Tuesday, March 11, 2014

End Lesstin Kering 7 3/11/14

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Oliver's foot slipped in the mud, and he toppled backwards onto the slick bank. Lesstin grabbed the boy's hand without thinking, pulling him back from the edge. The older boy laughed as he dragged himself back toward stable ground.

“Nice grab Less!” Oliver said once he was safely atop the cliff. “I almost went for a swim!” He laughed again and kicked a fist-sized rock off the edge. They watched it fall and fall then splash into the river. “Hey, not too far, is it?”

Far enough down to make Lesstin feel ill. “I don't like it,” Lesstin admitted. As soon as he said it, he knew he shouldn't have. Oliver's smile changed from friendly to wicked. His mouth hooked down, and his eyes grew wide and happy.

 “Lessie doesn't like it?” Every word was punctuated with barbed laughter. “Is he afraid of the height?” He put Lesstin in a headlock and dragged him toward the edge. Behind them, Chase was laughing too. He always laughed when Oliver laughed. Today was supposed to have been different; they asked him to come along, and not because their mother had forced them to. But then Lesstin had to go and open his big mouth.

“Lay off Oliver.” The voice of a hero. Chase Million was the only boy who could tell Oliver what to do. Sometimes. “He just pulled you back from falling in the river.”

Oliver flung Lesstin onto the grass, and spun to face Chase. “So what? I aint fraid of the river. I'll jump off, right now. You think I won't?” He started fumbling with the buttons on his cuffs.

“Give over Ollie. Your pop would slap you purple if you came home with wet clothes, so aint the same with you stripping.” Chase offered a hand to help Lesstin back to his feet. “Crud, you ripped your jeans. Look at that Ollie, bet his pop will throw him through a wall.”

Lesstin's father would never do such a thing. His mom might click her tongue about the grass stains. But he was learning; he didn't say anything.

“Hey,” Oliver said. “Yeah, no deal, right?”

“No,” Lesstin said. The whole day had been a whirlwind. What had he done to make them want him along all of the sudden? He didn't know, and didn't really care. For once, they were glad to have him along.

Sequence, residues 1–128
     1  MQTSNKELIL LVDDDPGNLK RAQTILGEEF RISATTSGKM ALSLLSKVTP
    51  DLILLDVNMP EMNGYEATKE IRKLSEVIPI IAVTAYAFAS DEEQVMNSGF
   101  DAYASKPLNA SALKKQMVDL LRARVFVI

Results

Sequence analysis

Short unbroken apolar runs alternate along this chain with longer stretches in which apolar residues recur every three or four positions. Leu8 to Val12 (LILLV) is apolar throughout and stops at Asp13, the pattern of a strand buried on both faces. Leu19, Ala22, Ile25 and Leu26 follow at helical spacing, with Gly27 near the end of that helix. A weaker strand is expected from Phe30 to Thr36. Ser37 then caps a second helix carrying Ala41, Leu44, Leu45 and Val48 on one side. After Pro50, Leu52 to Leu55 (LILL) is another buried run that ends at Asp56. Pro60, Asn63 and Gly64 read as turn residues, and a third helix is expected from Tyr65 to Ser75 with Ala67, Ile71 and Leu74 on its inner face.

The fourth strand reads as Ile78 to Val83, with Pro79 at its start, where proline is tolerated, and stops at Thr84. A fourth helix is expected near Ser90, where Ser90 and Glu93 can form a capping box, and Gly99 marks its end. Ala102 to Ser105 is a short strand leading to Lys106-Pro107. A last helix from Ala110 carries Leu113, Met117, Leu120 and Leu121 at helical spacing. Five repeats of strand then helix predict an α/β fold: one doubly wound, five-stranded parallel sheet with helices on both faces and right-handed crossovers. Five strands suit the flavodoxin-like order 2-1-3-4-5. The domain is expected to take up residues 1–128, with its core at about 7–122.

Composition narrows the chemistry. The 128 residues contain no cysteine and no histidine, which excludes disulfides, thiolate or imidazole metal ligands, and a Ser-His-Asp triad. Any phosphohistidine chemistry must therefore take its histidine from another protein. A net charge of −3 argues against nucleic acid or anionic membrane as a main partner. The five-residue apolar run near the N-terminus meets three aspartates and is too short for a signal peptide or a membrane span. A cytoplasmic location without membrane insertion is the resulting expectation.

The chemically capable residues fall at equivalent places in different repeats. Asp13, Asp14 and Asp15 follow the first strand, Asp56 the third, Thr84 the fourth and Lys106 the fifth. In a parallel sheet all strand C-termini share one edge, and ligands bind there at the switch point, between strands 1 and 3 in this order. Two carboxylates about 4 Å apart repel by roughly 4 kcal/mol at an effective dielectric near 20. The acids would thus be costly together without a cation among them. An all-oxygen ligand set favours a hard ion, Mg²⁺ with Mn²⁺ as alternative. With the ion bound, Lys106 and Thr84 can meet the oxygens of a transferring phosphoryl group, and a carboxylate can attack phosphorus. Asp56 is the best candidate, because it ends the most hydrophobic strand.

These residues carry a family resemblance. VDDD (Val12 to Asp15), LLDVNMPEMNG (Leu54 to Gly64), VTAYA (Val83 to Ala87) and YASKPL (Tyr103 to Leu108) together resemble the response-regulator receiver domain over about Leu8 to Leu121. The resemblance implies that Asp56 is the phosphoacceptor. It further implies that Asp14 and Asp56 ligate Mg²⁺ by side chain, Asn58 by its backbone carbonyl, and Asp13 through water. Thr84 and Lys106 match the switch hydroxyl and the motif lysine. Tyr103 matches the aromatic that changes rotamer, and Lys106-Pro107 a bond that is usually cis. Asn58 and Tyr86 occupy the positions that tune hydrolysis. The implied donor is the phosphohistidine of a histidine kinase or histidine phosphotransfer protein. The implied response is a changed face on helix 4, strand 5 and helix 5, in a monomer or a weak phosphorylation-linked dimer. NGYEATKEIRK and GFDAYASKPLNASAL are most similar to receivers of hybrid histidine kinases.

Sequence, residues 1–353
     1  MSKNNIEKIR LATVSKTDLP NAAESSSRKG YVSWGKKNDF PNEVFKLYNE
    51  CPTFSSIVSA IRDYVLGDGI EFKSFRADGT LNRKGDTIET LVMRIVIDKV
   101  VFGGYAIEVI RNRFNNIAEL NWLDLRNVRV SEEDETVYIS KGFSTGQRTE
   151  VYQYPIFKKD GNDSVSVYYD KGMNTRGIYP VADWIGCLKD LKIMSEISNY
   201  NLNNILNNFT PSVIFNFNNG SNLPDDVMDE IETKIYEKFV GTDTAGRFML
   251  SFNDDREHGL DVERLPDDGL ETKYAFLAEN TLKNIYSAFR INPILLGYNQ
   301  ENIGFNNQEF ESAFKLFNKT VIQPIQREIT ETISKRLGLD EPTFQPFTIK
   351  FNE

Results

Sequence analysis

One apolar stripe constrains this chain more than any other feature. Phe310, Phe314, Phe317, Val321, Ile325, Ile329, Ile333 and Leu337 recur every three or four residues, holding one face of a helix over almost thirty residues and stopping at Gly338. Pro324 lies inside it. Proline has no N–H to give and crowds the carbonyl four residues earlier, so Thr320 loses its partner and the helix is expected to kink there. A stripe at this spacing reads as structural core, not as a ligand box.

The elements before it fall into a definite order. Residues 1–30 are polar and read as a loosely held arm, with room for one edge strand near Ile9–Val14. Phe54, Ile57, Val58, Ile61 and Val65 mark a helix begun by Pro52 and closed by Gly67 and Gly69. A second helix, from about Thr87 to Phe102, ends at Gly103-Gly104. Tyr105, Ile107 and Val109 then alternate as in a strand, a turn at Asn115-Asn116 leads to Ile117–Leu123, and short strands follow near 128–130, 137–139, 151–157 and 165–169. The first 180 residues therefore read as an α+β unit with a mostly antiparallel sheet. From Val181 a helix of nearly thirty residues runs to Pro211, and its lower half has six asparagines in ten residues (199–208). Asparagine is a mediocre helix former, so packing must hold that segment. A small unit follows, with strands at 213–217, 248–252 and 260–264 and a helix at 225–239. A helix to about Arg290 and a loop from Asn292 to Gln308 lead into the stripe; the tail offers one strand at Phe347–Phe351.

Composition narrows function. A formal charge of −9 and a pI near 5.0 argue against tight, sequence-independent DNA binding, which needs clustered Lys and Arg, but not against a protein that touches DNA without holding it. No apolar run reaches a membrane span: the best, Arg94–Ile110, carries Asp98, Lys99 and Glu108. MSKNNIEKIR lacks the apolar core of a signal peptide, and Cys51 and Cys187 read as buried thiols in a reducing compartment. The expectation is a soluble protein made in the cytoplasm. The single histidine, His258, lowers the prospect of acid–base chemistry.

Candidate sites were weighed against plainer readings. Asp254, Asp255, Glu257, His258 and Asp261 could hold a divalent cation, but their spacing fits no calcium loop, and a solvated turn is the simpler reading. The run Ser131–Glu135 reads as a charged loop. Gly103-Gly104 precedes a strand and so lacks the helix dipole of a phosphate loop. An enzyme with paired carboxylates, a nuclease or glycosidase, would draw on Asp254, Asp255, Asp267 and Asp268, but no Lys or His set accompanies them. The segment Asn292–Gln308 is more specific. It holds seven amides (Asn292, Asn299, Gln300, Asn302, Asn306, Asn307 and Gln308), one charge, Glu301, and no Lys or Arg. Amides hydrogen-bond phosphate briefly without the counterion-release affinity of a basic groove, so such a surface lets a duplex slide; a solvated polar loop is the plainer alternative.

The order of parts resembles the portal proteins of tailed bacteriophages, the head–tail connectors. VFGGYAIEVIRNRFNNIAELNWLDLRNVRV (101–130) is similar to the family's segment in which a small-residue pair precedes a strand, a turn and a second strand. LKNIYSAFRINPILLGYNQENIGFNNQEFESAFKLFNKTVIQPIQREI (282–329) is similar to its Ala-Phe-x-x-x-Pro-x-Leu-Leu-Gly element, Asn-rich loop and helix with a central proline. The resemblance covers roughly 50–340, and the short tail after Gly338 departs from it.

Chase slapped Lesstin on the back, maybe a little hard. The voice of reason, maybe, but Oliver was his best friend, and the two were more alike than they were different. He laughed as Lesstin stumbled toward the cliff. “I know that look. We all got dads man.”

“He's a good sport, aint ya Less?” Oliver asked. He looked more relieved than cruel, but Lesstin stayed wary. The boy could switch from prancing to pouncing without notice. “I've always said so, haven't I Chase?”

“Sure have,” Chase agreed. Lesstin had never heard them say anything of the sort.

They turned and marched up the cliff side, toward the old train bridge. Rusting beams still connected the old cement pylons, but most of the suspension had been removed or collapsed long ago.

“We were thinking,” Oliver said, resting his arm around Lesstin's shoulder. “Some of the boys pick on you, don't they Lesstin? Call you baby, all sorts of stuff. Nah, nah, you don't need to answer. They're jerks. But Chase, me, our guys, no one says that to us. Do they Chase?”

“What?” Chase asked, as if he had never thought of such a thing. “If they said that, I'd pop them in the face, that's what I'd do. Did someone call you something Ollie?” Chase was the biggest boy boy in the sixth grade. Even the junior high kids left him alone.

“Nah,” Oliver said. “They know I'm too hard for that. But I was thinking, Lessie here, he might need some help. Cover from these...bullies.”

No one had ever talked to Lesstin like this before. He was the butt of the joke, the pincushion for everyone else's bad day.

“What do you guys want?” He asked. That big stupid mouth of his, running off again.

Oliver put his hands up. His cruel eyes were dancing, but his face looked insulted. “Hey now, we're trying to help you here.”

“You want to help me? Leave me alone.” He shrugged Chase's hand off his shoulder. He should have run right away when he saw them. They'd been following him for an hour now, but right then he had a chance to leave. He was fast and knew places to hide. He could have got away, but he had blown it. Stupid.
Chase grabbed Lesstin by the back of the neck. “Look runt, aint no one gonna leave you alone. You know that, smart boy.”

“Lay off Chase,” Oliver said. He looked friendly now. Lesstin had never seen that look before, and liked it less than the cruel dance by far. “We're not saying 'lets be friends.' But we're saying, hey, you got brains, and we got brawn. Mrs. Haden's watching us two close, so maybe we can't do much if you won't give us answers. But you want to, right?”

Lesstin hated giving answers to people, but it was better than getting thrown in the mud every day.

“I guess?” Lesstin said. “Why do I want to?”

“There's a clever one,” Oliver said. He grinned, pleased with himself. “Chase was telling me he doesn't like how Kib and Nate treat you. Weren't you Chase?”